Breaking down the numbers, 31 percent of Obama’s jobs proposal would be allocated to infrastructure and local aid, with $25 billion earmarked for modernizing public K-12 schools and $35 billion committed to preventing 280,000 teachers and emergency responders from being laid off.

“The American Jobs Act will repair and modernize at least 35,000 schools,” Obama detailed in his speech. “It will put people to work right now fixing roofs and windows; installing science labs and high-speed internet in classrooms all across this country.”

According to Education Week, the school construction monies would be divided among the neediest states, which would have until Sept. 30, 2012 to decide how to divvy it up, though the largest 100 districts would receive a direct grant.

Obama challenged the notion that America can prosper as a society by simply dismantling Big Government.

“Ask yourselves – where would we be right now if the people who sat here before us decided not to build our highways and our bridges; our dams and our airports? What would this country be like if we had chosen not to spend money on public high schools, or research universities, or community colleges?” Obama asked Congress members.

“No single individual built America on their own. We built it together. We have been, and always will be, one nation, under God, indivisible, with liberty and justice for all; a nation with responsibilities to ourselves and with responsibilities to one another.”

The question that now remains is will Congress live up to those responsibilities?

Naomi Dillon|September 9th, 2011|Categories: Educational Finance, Federal Programs, School Board News, Teachers|Tags: , , , , |

In Op-ed, NSBA’s Bryant challenges Duncan’s bandaid fix to NCLB

NSBABryantCall me naïve, but I don’t think the primary purpose of No 3283394_com_arneduncanChild Left Behind was to shame public schools or pave the way for privatization. I believe — and this is just my opinion — that the law’s principal creators sincerely wanted to improve the education of disadvantaged children, and NCLB, flawed as it is, was the vehicle they came up with.

That said, it’s hard to imagine a more breathtaking illogicality than the law’s central premise: That all children, despite their considerable differences, could be taught to a single high standard and that all students would be “proficient” by 2014.

This quote from Arne Duncan’s recent Politico piece on the law is telling:

Despite our shared sentiment for reform and the Obama administration’s long-standing proposal to reshape NCLB, the law remains in place, four years after it was due for reauthorization. Our children get only one shot at an education. They cannot wait any longer for reform.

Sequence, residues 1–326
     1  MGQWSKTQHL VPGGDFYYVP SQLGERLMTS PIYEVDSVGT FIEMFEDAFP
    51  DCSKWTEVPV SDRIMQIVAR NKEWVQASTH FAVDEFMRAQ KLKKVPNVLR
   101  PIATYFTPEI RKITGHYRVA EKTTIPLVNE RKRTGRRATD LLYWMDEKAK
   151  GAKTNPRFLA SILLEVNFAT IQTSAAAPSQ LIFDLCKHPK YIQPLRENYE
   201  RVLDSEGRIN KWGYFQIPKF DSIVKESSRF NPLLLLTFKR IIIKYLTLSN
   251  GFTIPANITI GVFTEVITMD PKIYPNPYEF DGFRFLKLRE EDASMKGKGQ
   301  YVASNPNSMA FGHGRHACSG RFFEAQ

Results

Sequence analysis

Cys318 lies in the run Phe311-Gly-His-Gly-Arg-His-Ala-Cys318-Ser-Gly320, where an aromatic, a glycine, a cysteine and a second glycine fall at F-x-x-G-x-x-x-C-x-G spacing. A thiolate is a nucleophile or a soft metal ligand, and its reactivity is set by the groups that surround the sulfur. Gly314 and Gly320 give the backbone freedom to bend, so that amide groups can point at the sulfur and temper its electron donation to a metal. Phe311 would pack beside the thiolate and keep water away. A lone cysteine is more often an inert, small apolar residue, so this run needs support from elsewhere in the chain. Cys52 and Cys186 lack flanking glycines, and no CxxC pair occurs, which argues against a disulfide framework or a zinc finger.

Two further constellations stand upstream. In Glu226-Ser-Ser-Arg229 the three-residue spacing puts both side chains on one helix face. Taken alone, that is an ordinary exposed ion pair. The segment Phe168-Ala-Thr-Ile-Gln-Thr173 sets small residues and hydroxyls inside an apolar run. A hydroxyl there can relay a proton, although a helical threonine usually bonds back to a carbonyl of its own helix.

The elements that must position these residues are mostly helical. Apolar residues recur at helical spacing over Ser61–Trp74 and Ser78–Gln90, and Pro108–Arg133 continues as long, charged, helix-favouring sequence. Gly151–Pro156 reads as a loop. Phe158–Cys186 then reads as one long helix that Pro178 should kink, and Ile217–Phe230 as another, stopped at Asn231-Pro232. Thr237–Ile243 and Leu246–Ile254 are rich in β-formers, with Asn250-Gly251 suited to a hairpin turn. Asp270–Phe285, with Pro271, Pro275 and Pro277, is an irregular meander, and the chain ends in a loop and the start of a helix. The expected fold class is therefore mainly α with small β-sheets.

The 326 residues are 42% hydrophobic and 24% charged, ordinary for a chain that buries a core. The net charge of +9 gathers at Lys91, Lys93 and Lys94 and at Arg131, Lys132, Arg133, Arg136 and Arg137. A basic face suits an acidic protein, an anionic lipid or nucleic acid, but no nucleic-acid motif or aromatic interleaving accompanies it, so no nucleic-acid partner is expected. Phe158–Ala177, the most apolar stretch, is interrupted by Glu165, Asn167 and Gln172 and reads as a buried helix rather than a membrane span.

Read that carefully and you’ll notice the education secretary isn’t talking about reforming schools, but reforming reform. Our children get only one shot at an education, and they cannot wait any longer to reform the reform.

Duncan’s heart is in the right place. He knows the legislation is seriously flawed and has vowed to do, through regulatory reform, what Congress won’t address with legislation. But the Secretary isn’t going far enough — offering merely to be more “flexible” under the same assessment system. That begs the question: If the legislation is so horrendously flawed, shouldn’t there be a moratorium on schools labeled “failing” under that broken system?

That’s exactly what NSBA Executive Director Anne L. Bryant argued last week in a commentary in the Huffington Post:

We need the regulatory relief this summer before school starts, instead of a new bureaucratic process that the Department of Education is purposing that could take many months to create. And as we need this as a matter of policy — not state or school district case-by-case waivers. We specifically support suspension of additional sanctions under current AYP requirements, effective for the 2011-12 school year, so that schools currently facing sanctions would remain frozen; no new schools would be labeled as ‘In Need of Improvement’ or subject to new or additional sanctions.

Lawrence Hardy, Senior Editor

Naomi Dillon|June 21st, 2011|Categories: American School Board Journal, Educational Technology, Governance|Tags: , , , |

Too much bureacracy in education?

Are there too many layers of governance in public education? That question has been on my mind since I watched a panel discussion earlier this week titled “Are Local School Boards Vital in 21st Century America?” at the Thomas B. Fordham Institute in Washington, D.C.


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Naomi Dillon|April 28th, 2011|Categories: American School Board Journal, Governance, Policy Formation|Tags: , , , , |

Words of wisdom from education association’s top brass

ASBJQuestion and Answer pieces, or Q&A’s as we call them in the industry, are one of my favorite type of articles to write. It’s essentially a profile of  someone whose thoughts, deeds, or mere persona we deem interesting, so right off, it’s an intriguing assignment.

Though to be honest, when you get the opportunity to delve into a person’s life or passions, you find that just about everyone is interesting in their own way.

I find this process of discovery to be the other reason I like Q&A’s so much; the ebb and flow of conversation is essential in flushing out the tiny details and little known factoids that make the final product so rich.

And while I think the final product of my Q&A with two of education’s heavy hitters was a rich and insightful look at the future of school leadership and governance, I got none of those above perks.

Though, let me be clear, it was through no fault of my subjects, NSBA Executive Director Anne Bryant and AASA Executive Director Dan Domenech. I can tell you, firsthand, both of them are fascinating people— and I’m not just saying that because one of them is my boss.
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Naomi Dillon|March 24th, 2010|Categories: American School Board Journal, Governance, Policy Formation|Tags: , , , |